What physical activities can a very large person do?
MOST very large people can do some or all of the physical activities in this booklet. You do not need special skills or a lot of equipment. You can do:
- Weight-bearing activities, like walking, climbing stairs, and golfing, which involve lifting or pushing your own body weight.
- Nonweight-bearing activities, like swimming and water workouts, which put less stress on your joints because you do not have to lift or push your own weight. If your feet or joints hurt when you stand, nonweight-bearing activities may be best for you.
- Lifestyle activities, like gardening or washing the car, which are great ways to get moving. Lifestyle activities do not have to be planned out ahead of time.
Remember that physical activity does not have to be hard or boring to be good for you. Anything that gets you moving around—even for only a few minutes a day—is a healthy start to getting more fit. Walking (Weight Bearing) The walking that you do during the day (like doing chores around the house or in the yard) can help you become more fit. But regular, steady walking that makes you breathe heavier can help you to be healthier. It will give your heart and lungs—as well as your leg muscles—a good workout. Do I need to see my health care provider before I start being physically active?
You should talk to your health care provider if you:
Chances are your health care provider will be pleased with your decision to start an activity program. It is unlikely that you will need a complete medical exam before you go out for a short walk.
- Have a chronic disease or have risk factors for a chronic disease, such as asthma or diabetes.
- Have high blood pressure, high cholesterol, or a personal or family history of heart disease.
- Are pregnant.
- Are a smoker.
- Are unsure of your health status or have any concerns that exercise might be unsafe for you.
If you are not active now, start slowly. Try to walk 5 minutes a day for the first week. Walk 8 minutes the next week. Stay at 8-minute walks until you feel comfortable. Then increase your walks to 11 minutes. Slowly lengthen each walk by 3 minutes—or walk faster.
Tips for Walking
- Wear comfortable walking shoes with a lot of support. If you walk frequently, you may need to buy new shoes often. You may wish to speak with a podiatrist about when you need to purchase new walking shoes.
- Wear garments that prevent inner-thigh chafing, such as tights or spandex shorts.
- Make walking fun. Walk with a friend or pet. Walk in places you enjoy, like a park or shopping mall.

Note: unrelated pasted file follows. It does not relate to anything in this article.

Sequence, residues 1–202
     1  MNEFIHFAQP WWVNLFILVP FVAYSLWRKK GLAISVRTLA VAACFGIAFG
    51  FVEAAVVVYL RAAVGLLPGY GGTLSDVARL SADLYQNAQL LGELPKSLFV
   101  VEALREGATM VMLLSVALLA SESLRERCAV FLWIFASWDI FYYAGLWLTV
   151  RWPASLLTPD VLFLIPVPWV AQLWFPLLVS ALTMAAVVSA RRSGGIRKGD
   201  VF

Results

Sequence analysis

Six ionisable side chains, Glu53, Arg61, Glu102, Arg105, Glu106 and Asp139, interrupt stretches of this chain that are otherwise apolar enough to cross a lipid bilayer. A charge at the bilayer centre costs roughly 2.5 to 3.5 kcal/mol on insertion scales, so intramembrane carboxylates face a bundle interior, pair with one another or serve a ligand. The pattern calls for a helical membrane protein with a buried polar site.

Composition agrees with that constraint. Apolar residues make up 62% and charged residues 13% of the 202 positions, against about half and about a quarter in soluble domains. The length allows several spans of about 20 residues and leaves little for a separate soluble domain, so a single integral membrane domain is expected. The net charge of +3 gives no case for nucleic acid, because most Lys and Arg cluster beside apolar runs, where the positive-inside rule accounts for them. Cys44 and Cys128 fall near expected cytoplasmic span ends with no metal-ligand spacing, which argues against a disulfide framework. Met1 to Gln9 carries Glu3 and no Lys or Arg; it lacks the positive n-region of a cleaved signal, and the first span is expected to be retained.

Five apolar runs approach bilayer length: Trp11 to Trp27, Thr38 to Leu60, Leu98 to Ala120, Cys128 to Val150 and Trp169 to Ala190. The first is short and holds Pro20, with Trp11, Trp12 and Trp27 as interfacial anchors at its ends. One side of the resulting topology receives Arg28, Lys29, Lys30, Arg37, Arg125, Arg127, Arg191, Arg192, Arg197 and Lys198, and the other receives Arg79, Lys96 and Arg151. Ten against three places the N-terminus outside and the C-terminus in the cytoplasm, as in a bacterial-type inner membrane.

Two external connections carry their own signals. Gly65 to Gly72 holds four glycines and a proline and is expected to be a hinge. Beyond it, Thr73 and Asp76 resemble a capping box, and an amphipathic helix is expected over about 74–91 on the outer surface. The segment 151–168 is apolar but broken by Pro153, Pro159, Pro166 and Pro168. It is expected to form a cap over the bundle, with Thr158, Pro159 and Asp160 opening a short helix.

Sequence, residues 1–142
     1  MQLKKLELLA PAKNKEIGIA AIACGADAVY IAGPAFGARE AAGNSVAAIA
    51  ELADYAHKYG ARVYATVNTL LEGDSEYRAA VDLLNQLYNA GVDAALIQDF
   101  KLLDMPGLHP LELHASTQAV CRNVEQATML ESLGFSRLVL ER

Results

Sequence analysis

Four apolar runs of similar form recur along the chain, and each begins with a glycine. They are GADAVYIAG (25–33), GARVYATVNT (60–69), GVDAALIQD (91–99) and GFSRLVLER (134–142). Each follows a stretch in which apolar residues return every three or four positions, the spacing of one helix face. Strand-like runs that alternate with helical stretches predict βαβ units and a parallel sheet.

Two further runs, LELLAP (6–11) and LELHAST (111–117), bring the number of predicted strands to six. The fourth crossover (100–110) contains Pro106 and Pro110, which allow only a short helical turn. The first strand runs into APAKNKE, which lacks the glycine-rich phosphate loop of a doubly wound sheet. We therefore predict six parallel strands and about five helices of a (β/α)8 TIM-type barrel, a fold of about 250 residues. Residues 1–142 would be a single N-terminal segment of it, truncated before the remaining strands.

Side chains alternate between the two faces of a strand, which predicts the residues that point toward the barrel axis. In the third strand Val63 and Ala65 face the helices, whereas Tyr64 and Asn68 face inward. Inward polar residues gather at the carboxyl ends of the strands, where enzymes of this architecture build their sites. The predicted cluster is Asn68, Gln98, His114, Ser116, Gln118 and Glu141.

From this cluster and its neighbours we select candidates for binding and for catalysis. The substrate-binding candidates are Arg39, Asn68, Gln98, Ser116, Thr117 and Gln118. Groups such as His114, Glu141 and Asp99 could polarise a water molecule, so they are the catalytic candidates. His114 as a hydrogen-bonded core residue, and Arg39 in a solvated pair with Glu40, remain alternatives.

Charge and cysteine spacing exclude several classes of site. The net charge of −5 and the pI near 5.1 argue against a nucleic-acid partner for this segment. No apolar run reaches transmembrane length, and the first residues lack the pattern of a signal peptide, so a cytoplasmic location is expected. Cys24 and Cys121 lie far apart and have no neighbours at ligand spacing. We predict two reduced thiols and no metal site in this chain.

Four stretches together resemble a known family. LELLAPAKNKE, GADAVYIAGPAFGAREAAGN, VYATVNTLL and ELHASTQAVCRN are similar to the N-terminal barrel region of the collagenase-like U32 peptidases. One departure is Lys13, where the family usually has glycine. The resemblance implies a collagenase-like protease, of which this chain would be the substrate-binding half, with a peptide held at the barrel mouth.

To learn more, read the brochure Walking...A Step in the Right Direction from the Weight-control Information Network (WIN). (This publication is available in English and Spanish.)
Dancing (Weight Bearing or Nonweight Bearing) Dancing may help:
- Tone your muscles.
- Improve flexibility.
- Make your heart stronger.
- Make your work better.
You can dance in a health club, in a nightclub, or at home. To dance at home, just move your body to some lively music! Dancing on your feet is a weight-bearing activity. Dancing while seated lets you move your arms and legs to music while taking the weight off your feet. This may be a good choice if you cannot stand on your feet for a long time.
Water Workouts (Nonweight Bearing)
Exercising in water:
- Helps flexibility. You can bend and move your body in water in ways you cannot on land.
- Reduces risk of injury. Water makes your body float. This keeps your joints from being pounded or jarred and helps prevent sore muscles and injury.
- Keeps you refreshed. You can keep cool in water—even when you are working hard.
You do not need to know how to swim to work out in water—you can do shallow-water or deep-water exercises without swimming. For shallow-water workouts, the water level should be between your waist and your chest. If the water is too shallow, it will be hard to move your arms underwater. If the water is deeper than chest-height, it will be hard to keep your feet on the pool bottom. For deep-water workouts, most of your body is underwater. This means that your whole body will get a good workout. For safety and comfort, wear a foam belt or life jacket. Many swim centers offer classes in water workouts. Check with the pools in your area to find the best water workout for you.